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Internet dating has become a huge phenomenon in our contemporary, technology-based society. It is very interesting to say the least, and after speaking to a few colleagues and friends, it also seems to be a very controversial subject as well. Many important questions arise when thinking about this new concept. EG: “Is this process simply a result of a changing lifestyle that limits the amount of free time and social interaction that modern people have? Is it like ‘blind dating’ or does the many ways of communicating and amount of information that comes with a prospective dater’s profile make it more personal? Is this the next natural step in a world that is growing closer together through collaboration on the Internet? Is it a less human way of meeting someone than the traditional way of meeting through everyday social interaction, such as school, work, or extracurricular activities? Or, could this finally be a process to search and find, judge and rate, finding your true soul mate in a way that could never have been possible before.
There are over 30 million links on www.Google.com when you do a search for ‘on-line dating’. Check out http://www.mydatingsites.com/ and you can see heaps of different types of websites created for bringing people together. A multitude of sites come up ranging from very basic sites like www.americansingles.com/ (USA), and www.rsvp.com.au (for people in Australia), to specific sites like http://professionalsingles.com/ who cater for a select group with certain career-based criteria. Sites even exist for certain nationalities and religions like http://www.frumster.com/ for Jewish people, and http://www.interracialdatingcentral.com/ for people who want to date people of different cultures than their own. There are also prospective matrimonial sites like www.shaadi.com. This is a site for Indian people that one of the ‘web helpers’ here at www.m6.net said is very popular in her home country.
There is also speed dating like at http://www.25dates.com/ where this organization organizes for you to meet 25 possible dates in one night at a ‘cool’ venue out on the town. You sit down for 3 minutes at a time with each person and see if there is any chemistry happening, then rate each person and the site tells you if you have any matches. You then go out on proper dates with as many people as you liked and who liked you. This is a world away from our tribal roots where we already knew everyone in the village, but hey, the village has grown. We now have individual cities with over 30 million people and many think that this is just a natural progression.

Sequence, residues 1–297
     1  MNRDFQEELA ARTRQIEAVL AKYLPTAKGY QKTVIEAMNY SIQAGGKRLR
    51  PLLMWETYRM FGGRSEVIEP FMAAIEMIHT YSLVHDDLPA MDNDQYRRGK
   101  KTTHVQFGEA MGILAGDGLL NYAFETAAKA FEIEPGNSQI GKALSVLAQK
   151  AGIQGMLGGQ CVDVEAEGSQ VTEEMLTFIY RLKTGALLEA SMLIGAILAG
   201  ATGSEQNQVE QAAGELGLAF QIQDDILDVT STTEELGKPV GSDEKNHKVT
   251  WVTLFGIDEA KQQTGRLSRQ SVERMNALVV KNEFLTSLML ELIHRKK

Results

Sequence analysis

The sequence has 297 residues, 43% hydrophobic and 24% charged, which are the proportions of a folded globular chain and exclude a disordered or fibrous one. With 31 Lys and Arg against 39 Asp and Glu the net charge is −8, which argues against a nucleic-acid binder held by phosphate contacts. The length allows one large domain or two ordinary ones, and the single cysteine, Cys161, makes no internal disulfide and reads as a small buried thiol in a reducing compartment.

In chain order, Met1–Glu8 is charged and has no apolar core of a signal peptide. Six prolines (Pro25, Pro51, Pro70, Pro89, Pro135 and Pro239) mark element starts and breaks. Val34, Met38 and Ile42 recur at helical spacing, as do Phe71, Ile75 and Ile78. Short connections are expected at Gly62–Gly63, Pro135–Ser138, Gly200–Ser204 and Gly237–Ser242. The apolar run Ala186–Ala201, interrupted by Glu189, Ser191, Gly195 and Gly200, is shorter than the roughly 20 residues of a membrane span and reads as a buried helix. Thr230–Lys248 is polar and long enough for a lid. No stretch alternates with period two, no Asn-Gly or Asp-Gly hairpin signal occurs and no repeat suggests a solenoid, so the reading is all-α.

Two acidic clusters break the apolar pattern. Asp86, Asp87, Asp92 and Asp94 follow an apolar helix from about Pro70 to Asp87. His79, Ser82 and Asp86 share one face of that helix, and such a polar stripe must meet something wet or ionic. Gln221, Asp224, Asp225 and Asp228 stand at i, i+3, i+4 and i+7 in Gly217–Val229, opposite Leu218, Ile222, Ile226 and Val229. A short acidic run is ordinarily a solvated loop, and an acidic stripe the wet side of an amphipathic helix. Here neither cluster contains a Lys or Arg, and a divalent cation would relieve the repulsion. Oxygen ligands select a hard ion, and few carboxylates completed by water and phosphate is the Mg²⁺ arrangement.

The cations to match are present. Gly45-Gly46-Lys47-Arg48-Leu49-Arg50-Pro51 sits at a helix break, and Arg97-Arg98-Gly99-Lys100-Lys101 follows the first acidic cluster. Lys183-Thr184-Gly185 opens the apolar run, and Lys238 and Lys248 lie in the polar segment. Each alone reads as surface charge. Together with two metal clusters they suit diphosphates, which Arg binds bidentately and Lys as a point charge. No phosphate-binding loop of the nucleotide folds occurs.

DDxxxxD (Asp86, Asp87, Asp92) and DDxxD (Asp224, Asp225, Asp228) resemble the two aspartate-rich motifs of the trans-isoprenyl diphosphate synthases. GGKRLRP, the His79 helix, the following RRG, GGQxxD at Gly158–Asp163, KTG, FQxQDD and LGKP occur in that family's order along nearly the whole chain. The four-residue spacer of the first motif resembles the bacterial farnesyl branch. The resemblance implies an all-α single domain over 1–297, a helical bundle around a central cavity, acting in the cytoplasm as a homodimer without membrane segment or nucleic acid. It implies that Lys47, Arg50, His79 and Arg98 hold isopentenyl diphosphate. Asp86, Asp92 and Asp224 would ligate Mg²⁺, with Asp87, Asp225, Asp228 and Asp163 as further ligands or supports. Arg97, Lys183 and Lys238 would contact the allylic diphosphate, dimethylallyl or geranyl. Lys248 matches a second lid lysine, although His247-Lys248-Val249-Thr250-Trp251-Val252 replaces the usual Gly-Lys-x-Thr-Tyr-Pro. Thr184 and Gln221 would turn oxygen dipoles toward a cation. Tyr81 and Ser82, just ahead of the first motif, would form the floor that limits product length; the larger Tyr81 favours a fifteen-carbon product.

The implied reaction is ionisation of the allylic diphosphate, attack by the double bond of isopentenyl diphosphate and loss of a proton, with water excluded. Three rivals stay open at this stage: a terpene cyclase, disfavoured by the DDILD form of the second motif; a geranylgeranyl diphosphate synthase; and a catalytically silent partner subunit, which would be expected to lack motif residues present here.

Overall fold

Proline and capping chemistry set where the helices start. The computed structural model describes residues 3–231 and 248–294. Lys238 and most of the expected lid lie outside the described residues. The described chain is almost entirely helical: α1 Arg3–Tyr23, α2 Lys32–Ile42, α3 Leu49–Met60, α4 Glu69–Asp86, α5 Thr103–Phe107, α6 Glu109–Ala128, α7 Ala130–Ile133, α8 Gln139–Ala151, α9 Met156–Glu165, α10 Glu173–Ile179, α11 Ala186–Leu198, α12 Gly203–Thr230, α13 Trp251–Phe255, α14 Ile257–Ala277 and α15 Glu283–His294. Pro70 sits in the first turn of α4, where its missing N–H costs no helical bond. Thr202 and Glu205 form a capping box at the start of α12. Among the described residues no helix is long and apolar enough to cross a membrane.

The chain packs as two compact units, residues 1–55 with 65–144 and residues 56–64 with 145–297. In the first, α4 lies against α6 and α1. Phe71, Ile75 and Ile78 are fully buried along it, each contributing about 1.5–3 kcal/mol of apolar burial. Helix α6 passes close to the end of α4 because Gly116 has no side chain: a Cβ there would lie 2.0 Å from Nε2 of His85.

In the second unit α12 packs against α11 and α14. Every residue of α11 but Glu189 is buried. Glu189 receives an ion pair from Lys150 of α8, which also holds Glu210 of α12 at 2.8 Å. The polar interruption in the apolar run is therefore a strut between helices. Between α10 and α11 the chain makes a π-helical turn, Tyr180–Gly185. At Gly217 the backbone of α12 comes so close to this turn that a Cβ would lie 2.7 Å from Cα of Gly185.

The sites are pretty simple to interact with. You can usually go and browse a site’s galleries so you can see some of the faces and biographies of people that fall into your search categories. Many are free to join, which means that you can put your profile online for free. People can often contact you for free, but many sites charge if you want to contact others although this depends on the site. There are numerous ways that you can get to know another human soul on the Internet, with the advent of audio/video instant messaging, video profiles, private or anonymous email, online chatting (some with webcams), exchange of photographs, as well as message boards and the ability to see which site members are online when you are.
So back to the important questions, what do you think of this new concept for intimate human interaction? I’d like to hear some of your comments, which you can post on our blog at www.blog.m6.net where this article will be posted. Like all things in life I think that the philosophy of paradox plays a role when people make their opinions about any given subject. The middle path (sitting on the fence) is often the safest one to take when judging various elements of human existence. Personally, I would like to see humanity reconstruct our future society in a way where we make a lot more time for personal (in person) interaction with family, friends, and the wider community. Work and time could be managed in a way where we get only what we truly need (consume less), do our jobs more efficiently (work less), and have a relationship with the Earth that is much more sustainable.
However, I do also see the possibilities that exist here for our current construct of reality. Technology has helped us to improve many aspects of our lives, so why couldn’t it help us to meet and share our most intimate love with others who are also searching for a connection? The key to the tool of the Internet is collaboration of individuals, and this more controlled perspective on the meeting of people could mean we truly do get to find the ‘one’ we always dreamed of.
About the author:
Jesse S. Somer
Jesse S. Somer is a sometimes poet who like all poets wonders about the meaning of love. Could the Internet cause more love to grow in our world?